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Veterans Day 11/11: A Day of Remembrance

Written by veterans  |  03. November 2006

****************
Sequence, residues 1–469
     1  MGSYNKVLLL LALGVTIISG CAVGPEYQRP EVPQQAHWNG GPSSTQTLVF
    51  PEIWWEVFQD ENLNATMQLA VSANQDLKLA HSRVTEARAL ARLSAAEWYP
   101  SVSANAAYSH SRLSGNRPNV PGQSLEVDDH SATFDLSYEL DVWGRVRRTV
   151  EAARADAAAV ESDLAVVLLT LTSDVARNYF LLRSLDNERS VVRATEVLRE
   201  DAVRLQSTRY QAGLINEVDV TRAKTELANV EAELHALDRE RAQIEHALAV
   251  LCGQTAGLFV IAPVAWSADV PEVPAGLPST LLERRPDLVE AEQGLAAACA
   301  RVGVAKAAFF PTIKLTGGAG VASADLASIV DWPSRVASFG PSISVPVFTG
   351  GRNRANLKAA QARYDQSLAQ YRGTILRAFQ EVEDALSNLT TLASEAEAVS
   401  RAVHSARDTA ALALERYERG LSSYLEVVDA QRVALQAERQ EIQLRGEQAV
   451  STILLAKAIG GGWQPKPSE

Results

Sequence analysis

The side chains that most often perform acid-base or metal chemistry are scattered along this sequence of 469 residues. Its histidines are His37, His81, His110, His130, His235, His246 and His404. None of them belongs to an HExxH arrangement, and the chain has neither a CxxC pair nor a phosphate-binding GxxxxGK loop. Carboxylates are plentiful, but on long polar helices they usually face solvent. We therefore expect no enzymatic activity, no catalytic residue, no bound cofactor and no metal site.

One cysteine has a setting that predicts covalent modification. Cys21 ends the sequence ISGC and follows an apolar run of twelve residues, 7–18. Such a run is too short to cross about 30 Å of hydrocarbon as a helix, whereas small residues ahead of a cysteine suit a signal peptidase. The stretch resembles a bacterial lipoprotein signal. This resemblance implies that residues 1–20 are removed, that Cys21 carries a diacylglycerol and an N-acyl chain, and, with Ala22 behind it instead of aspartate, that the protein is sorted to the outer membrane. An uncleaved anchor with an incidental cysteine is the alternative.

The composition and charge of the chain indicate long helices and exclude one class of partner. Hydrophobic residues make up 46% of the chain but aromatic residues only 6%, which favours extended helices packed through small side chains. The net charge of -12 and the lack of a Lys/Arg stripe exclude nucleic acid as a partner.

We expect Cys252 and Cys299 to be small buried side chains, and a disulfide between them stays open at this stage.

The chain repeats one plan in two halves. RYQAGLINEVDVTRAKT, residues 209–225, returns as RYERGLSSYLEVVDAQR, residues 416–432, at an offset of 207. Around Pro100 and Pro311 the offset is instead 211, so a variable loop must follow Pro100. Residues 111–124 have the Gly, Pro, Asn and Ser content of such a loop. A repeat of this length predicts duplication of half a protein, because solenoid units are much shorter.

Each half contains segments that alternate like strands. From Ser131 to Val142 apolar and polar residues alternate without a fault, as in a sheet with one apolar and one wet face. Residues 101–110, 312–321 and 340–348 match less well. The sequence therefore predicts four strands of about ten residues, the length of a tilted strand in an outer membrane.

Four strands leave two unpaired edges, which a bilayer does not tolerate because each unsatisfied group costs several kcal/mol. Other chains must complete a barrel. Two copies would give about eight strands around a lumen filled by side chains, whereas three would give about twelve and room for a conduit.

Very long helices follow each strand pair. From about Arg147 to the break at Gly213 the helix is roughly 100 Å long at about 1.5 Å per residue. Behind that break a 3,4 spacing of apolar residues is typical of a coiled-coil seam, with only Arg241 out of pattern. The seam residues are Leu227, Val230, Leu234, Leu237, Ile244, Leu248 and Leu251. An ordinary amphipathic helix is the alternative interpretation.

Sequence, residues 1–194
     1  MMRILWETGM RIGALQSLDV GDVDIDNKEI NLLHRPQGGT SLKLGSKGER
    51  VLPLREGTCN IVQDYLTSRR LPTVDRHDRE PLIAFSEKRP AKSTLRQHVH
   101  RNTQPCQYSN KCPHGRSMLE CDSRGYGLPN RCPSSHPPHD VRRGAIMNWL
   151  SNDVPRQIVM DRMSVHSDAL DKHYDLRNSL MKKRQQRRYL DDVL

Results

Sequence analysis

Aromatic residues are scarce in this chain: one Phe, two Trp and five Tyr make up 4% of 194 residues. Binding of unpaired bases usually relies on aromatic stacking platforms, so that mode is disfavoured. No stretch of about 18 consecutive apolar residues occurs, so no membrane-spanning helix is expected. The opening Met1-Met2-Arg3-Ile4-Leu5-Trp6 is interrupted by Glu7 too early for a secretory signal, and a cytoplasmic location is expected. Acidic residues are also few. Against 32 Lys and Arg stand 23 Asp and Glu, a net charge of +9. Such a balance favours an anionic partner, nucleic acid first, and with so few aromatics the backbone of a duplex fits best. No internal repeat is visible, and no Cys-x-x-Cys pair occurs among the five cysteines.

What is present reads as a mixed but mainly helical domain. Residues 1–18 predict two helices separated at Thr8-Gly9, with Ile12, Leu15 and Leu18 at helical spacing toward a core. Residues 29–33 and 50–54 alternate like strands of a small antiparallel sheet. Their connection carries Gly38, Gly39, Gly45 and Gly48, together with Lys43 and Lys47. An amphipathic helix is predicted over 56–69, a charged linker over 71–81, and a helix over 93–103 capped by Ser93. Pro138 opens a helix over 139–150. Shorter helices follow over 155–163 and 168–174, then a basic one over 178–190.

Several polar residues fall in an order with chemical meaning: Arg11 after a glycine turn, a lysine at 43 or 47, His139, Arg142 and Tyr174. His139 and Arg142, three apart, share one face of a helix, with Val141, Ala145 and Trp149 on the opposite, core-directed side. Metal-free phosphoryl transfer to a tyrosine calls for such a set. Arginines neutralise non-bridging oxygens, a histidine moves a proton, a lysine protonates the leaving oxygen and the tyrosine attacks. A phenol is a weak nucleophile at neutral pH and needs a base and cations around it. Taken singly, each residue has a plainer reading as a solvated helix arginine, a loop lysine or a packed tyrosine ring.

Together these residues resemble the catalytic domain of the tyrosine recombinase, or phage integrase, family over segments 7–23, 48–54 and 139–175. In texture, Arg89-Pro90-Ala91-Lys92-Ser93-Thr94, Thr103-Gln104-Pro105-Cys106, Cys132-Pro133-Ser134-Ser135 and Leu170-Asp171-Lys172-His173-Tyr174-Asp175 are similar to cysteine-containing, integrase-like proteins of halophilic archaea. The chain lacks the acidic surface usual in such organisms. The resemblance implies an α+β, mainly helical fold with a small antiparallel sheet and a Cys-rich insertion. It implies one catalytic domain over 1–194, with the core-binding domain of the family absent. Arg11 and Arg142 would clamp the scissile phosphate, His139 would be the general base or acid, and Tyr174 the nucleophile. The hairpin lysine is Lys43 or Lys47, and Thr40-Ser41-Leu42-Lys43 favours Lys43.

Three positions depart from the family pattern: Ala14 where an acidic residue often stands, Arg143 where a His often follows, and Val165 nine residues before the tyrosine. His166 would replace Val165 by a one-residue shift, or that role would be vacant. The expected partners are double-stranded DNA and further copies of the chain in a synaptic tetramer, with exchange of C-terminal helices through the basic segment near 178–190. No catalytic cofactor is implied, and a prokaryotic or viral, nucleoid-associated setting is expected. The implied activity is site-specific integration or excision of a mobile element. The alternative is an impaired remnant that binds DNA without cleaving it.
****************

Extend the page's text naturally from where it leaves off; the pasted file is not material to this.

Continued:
Like many of our national holidays, Veterans Day has an interesting history. Here are a few tidbits about this Day of Remembrance. In The Beginning It began as a day recognizing a World War I veteran. In 1921, an unknown World War I American soldier was buried in Arlington National Cemetery. This site, on a hillside overlooking the Potomac River and the city of Washington, became the focal point of reverence for America's veterans. Similar ceremonies occurred earlier in England and France, where an unknown soldier was buried in each nation's highest place of honor (in England, Westminster Abbey; in France, the Arc de Triomphe). These memorial gestures all took place on November 11, giving universal recognition to the celebrated ending of World War I fighting - known at the time as "The Great War" - at 11 a.m., November 11, 1918. The day became known as "Armistice Day" when in November 1919, President Wilson proclaimed November 11 as the first commemoration of Armistice Day. By the way, WW I officially ended when the Treaty of Versailles was signed on June 28, 1919, in the Palace of Versailles outside the town of Versailles, France. However, fighting had ceased seven months earlier when an armistice or temporary cessation of hostilities, between the Allied nations and Germany, went into effect on... the eleventh hour, of the eleventh day, of the eleventh month. Armistice Day "officially" received its name in America on June 4, 1926, through a Congressional resolution that read, in part: "Whereas the 11th of November 1918, marked the cessation of the most destructive, sanguinary, and far reaching war in human annals and the resumption by the people of the United States of peaceful relations with other nations, which we hope may never again be severed, and... "Whereas it is fitting that the recurring anniversary of this date should be commemorated with thanksgiving and prayer and exercises designed to perpetuate peace through good will and mutual understanding between nations; and... "Whereas the legislatures of twenty-seven of our States have already declared November 11 to be a legal holiday: Therefore be it Resolved by the Senate (the House of Representatives concurring), that the President of the United States is requested to issue a proclamation calling upon the officials to display the flag of the United States on all Government buildings on November 11 and inviting the people of the United States to observe the day in schools and churches, or other suitable places, with appropriate ceremonies of friendly relations with all other peoples." It became a national holiday 12 years later, in 1938, by similar Congressional action. But Then If the idealistic hope had been realized that World War I was "the War to end all Wars," November 11 might still be called Armistice Day. But only a few years after the holiday was proclaimed, war broke out in Europe. Sixteen plus million Americans took part in World War II. 406,000 died in service, with more than 291,000 in battle. In 1954, Congress, at the urging of veterans service organizations, amended the Act of 1938 by striking out the word "Armistice" and inserting in its place the word "Veterans." With the approval of this legislation, November 11th became a day to honor American veterans of all wars. Later that same year, President Eisenhower issued the first "Veterans Day Proclamation" which stated: "In order to insure proper and widespread observance of this anniversary, all veterans, all veterans' organizations, and the entire citizenry will wish to join hands in the common purpose. Toward this end, I am designating the Administrator of Veterans' Affairs as Chairman of a Veterans Day National Committee, which shall include such other persons as the Chairman may select, and which will coordinate at the national level necessary planning for the observance. I am also requesting the heads of all departments and agencies of the Executive branch of the Government to assist the National Committee in every way possible." In 1958, the White House advised VA's General Counsel that the 1954 designation of the VA Administrator as Chairman of the Veterans Day National Committee applied to all subsequent VA Administrators. Since 1989 when VA was elevated to a cabinet level department, the Secretary of Veterans Affairs has served as the committee's chairman. With Good Intentions The Uniform Holiday Bill was signed in 1968, and was intended to insure three-day weekends for Federal employees by celebrating four national holidays on Mondays: Washington's Birthday, Memorial Day, Veterans Day, and Columbus Day. It was thought that these extended weekends would encourage travel, recreational and cultural activities and stimulate greater industrial and commercial production. The first Veterans Day under the 1968 new law was observed in 1971, but with much confusion. It was apparent that the commemoration of this day was a matter of historic and patriotic significance to a great number of our citizens; and so in 1975 President Ford returned the annual observance of Veterans Day to its original date, beginning in 1978. Today and For Our Tomorrows Veterans Day continues to be observed on November 11th, regardless of the day of the week on which it falls. The restoration of the observance to November 11th, not only preserves the historical significance of the date, but helps focus attention on the most important purpose of Veterans Day: "A celebration to honor America's veterans for their patriotism, love of country, and willingness to serve and sacrifice for the common good." To Remember... to remember... lest we ever forget! --- Regards, Walt Schmidt

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